left the meeting mentally vowing that
political ruin, so fur as their party
concerned, had gone far enough,
hereafter, by the shade of Lincoln,
would each make it their personal
itiess to see to it that the next republican
victory would be at the next election and
if the Lord will bless the country with a
big crop this year the rest of the work will
be easily effected. That is to say—tin
republican party, far more than the cli
mate. has been blamed for crop failure,
lack of money and about every other ill
that has visited our people.
was
and
they
bus-
A resolution was offered by 10. C. Pat
terson, of the Capital, to tile effect that
the club should work only for the good of
the whole party that it support only the
nominees of the state republican conven
tion: that the club shall never demand
that any persons be placed upon the slate
or national ticket: that the object of the
club is simply to support and work for
the success of the republican ticket as
nominated by the stateconvention. The
resolution was unanimously adopted.
Everything bespeaks a prosperous fu
ture for the club.
A Test of Grvatueos.
1
"I trust that he will make a handsome
portrait for me."
"He no doubt will. An artist ns great
as he is can do almost anything."—Life.
He Was Whipsawed.
"Can you drive?" asked a fair young
East End damsel as she stood by the side
of her adorer and gazed out of the window
at the snow.
"Oh, yes," replied the young man un
thinkingly. "Fm quite a good driver."
"And it looks like good sleighing," the
girl went on.
"Y-e-e-s."
The young man relapsed into silence,
which was occupied chiefly in mental cal
culations as to how many sleigh rides at
current rates he could afford on his $10 a
week salary.
"You said you could drive, didn't youf
tusked the girl, resuming the subject.
"Well—er—it's been a long time since 1
did much driving, and I'm afraid it would
hardly be safe for me to undertake it."
"Oh, I'm so sorry! I was just going to
ask papa to have the cutter hitched up so
we could take a ride."—Pittsburg Chroni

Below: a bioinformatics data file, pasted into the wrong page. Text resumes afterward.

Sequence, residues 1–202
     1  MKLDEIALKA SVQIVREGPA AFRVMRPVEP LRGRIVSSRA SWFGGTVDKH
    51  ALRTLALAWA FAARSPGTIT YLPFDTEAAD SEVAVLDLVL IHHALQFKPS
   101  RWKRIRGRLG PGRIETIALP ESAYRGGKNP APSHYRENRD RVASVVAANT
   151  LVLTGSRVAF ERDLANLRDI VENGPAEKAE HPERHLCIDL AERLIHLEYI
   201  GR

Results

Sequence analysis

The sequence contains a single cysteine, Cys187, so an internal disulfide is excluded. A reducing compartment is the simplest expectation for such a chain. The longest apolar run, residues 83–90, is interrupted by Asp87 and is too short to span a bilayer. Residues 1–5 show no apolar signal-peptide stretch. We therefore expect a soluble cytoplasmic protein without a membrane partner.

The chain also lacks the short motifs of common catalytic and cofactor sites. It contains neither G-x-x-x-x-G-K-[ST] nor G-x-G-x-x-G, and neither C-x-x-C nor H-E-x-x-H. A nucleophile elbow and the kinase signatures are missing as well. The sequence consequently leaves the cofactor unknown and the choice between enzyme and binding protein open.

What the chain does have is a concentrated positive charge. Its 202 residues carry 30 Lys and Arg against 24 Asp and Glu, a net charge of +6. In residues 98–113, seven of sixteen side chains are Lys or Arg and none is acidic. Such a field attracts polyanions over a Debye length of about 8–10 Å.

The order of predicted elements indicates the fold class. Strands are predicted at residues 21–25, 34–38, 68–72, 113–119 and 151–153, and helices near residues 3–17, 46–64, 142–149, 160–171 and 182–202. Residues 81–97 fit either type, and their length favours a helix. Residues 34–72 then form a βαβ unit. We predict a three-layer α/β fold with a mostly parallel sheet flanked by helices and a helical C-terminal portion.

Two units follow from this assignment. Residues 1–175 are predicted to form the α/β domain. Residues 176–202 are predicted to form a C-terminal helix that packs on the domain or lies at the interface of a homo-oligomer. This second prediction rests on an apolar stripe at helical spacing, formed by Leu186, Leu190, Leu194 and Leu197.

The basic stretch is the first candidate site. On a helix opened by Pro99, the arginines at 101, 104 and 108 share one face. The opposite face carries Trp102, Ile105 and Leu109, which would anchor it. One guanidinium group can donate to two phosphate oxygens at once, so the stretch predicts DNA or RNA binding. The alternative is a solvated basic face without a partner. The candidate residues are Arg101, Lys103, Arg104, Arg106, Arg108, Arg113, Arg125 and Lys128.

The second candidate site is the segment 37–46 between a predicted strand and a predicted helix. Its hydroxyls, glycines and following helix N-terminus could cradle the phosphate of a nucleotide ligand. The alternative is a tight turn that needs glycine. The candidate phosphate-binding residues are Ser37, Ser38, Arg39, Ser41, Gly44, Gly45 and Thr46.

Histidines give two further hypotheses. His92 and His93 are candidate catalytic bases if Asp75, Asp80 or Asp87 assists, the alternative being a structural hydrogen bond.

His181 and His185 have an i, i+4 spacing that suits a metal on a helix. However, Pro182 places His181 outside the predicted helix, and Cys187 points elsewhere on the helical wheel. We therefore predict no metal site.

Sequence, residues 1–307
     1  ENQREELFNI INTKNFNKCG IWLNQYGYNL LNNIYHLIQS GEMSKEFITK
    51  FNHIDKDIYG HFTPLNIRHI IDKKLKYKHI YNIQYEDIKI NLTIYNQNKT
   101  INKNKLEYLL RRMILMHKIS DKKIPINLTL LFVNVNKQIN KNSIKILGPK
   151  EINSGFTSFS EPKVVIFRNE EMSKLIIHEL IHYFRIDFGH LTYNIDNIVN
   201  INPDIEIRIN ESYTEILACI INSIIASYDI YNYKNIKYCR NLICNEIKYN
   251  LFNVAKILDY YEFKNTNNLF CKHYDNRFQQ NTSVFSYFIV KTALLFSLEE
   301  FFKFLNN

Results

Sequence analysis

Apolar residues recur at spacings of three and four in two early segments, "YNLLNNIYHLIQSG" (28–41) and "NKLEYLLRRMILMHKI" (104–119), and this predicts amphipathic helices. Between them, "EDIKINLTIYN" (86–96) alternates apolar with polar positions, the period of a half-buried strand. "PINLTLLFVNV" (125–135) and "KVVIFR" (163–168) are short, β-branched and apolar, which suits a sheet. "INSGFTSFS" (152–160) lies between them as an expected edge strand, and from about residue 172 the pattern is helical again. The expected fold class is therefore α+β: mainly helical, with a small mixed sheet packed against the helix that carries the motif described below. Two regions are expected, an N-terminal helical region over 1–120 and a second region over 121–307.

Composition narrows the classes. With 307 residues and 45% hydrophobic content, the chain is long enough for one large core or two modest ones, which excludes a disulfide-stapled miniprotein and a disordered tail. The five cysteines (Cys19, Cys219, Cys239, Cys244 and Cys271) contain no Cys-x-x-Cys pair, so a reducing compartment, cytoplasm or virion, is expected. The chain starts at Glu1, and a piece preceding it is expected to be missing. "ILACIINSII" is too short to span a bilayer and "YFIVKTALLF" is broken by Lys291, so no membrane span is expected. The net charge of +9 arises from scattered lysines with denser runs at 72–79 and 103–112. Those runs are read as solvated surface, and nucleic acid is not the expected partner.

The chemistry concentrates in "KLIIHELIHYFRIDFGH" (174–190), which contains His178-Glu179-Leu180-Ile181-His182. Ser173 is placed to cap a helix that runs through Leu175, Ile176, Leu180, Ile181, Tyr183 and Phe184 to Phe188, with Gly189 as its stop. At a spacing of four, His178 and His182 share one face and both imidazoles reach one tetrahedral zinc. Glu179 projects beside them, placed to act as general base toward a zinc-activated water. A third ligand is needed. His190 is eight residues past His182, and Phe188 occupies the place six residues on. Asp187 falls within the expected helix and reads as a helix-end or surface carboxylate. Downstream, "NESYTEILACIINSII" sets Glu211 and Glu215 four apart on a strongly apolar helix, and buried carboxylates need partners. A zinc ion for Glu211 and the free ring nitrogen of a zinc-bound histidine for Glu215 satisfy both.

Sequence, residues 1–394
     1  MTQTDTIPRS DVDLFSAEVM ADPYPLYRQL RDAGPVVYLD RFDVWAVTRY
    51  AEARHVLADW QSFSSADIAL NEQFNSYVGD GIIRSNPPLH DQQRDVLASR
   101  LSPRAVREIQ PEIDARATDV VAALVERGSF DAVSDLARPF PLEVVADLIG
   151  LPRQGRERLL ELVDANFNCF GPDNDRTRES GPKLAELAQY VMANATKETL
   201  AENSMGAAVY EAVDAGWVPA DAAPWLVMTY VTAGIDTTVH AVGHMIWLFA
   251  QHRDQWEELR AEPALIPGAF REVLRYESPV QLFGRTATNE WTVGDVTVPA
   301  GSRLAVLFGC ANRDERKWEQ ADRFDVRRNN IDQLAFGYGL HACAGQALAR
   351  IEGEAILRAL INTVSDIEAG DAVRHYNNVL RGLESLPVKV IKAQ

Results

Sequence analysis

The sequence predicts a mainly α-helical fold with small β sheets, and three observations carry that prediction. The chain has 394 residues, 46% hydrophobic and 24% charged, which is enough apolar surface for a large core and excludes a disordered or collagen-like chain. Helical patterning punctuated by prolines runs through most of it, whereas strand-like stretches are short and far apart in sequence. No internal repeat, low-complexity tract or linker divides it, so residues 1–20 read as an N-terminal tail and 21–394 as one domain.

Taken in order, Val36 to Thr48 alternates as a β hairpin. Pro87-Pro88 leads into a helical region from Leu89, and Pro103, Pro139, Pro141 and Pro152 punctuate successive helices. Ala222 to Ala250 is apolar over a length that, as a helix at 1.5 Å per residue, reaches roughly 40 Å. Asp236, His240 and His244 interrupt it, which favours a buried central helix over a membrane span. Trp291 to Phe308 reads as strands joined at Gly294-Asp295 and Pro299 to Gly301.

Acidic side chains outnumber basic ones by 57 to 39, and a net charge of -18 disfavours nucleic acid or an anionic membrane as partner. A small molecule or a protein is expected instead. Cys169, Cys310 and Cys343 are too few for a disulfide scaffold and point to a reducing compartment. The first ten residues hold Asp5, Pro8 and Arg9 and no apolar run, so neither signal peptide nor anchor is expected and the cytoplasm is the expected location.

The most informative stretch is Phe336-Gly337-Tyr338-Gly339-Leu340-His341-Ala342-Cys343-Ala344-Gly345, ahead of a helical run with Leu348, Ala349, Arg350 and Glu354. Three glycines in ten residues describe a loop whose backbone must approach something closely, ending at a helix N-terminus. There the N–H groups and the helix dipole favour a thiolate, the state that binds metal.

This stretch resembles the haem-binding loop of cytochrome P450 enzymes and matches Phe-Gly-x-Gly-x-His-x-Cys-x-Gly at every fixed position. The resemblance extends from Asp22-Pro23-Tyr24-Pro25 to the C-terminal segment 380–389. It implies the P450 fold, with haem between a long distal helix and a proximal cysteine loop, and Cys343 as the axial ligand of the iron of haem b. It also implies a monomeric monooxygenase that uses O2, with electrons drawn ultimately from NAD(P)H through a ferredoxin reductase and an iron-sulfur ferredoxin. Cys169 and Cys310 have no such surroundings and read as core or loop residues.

cle.
Settled at Lust.
Mr. Hayforke (reading The Weekly Wel
come)—ASecond Adventist out west proves
conclusively by the Bible that the world
will come to au end on the 23d of next
month.
Mrs. Hayforke (dropping her knitting}-.
Land sakes! Then what's the use o' me
finishin' these stockings? Maybe it won't
even be cold by that time. Iky, look iu
The Farmer's Almanac an' see what the
weather is goin' to be.
Iky (after a moment)—It's goin' to be
moderate, mother moderate an' fair.
Mrs. Hayforke—Does the almanac stop
on the 23d?
Iky—No it goes right on to the end o'
tho year.
Mrs. Hayforke—Don't it say anything
about th' world comin' to an end?
Iky—Not a word.
Mrs. Hayforke (resuming her knitting)—
Tho Bible ia wrong.—Good News.
Following a rreaenptloB.
Doctors have a great deal to oontend
with when they prescribe for incorrigible
wags. One of this latter fraternity, after
having been prescribed for, paid his physi
cian a visit.
"Well," said the doctor, "did y«a follow
my prescription?"
"H'mf" exclaimed the fanny man, "1
should have been dead if I had."
"What do you msnn?"
"Why, I leff the prescription for a mo
ment on my bad room window ki the fourth
story, and my wifo, supposing it wasa mem
waste scran, put up tho sash and threw it
into the strost. ou'd have lost a patient
if I'd Jhllowad ifc."-YouiV»
OMUMBIM.
THE MUSICAL TREAT.
Pierre's Music-Loving People Assem­
bled to Listen to a Very Rare
Treat.
An Entertainment Given That Was
the Iiest Since the Little
Tycoon.
Full Account of an Event, That Will
He Long* Remembered in
Pierre.
A very unique and successful enter
tainment was tint at the Locke parlor
Friday night.
Chairs were brought from various parts
of the city and arranged iu the mammoth
parlor, and a platform was erected at one
end for those taking part in the exerci-t-s.
One pleasant feature of the affair was
Licit the room was ccuifflrtable. There
was no freezing of feet and catching cold,
as is the usual order of things at the rink
on a cold night. The big parlor lloor and
the balconies make an opera room amply
sunicient to accommodate a larce sized
audience—say of 400 people.
Owing to the storm blockading the
street-car lines, some of those having
parts on the program were delayed, and
the good natured audience was kept wait
ing until nearly the hour of 'J o'clock.
finally the program starteu with a
pretty instrumental selection by Mrs. D.
S. Williams and Miss Edna Carter.
The male quartette, Messrs. Lillibridge,
Walker, Nelson and Marlin followed with
a song that was well received.
Mrs. Royal !•'. King sang a "euckoo"
that was heartily encored, when she sang
"Home, Sweet Home,-' accompanied by
Representative Douglas, of I-'aulk county.
011
his violin.
Mrs. Coe I. Crawford gave a recitation
in a very siood manner. It wasa pathetic
piece and her perfect articulation and ex
quisite expression was what would be ex
pected only from professional talent.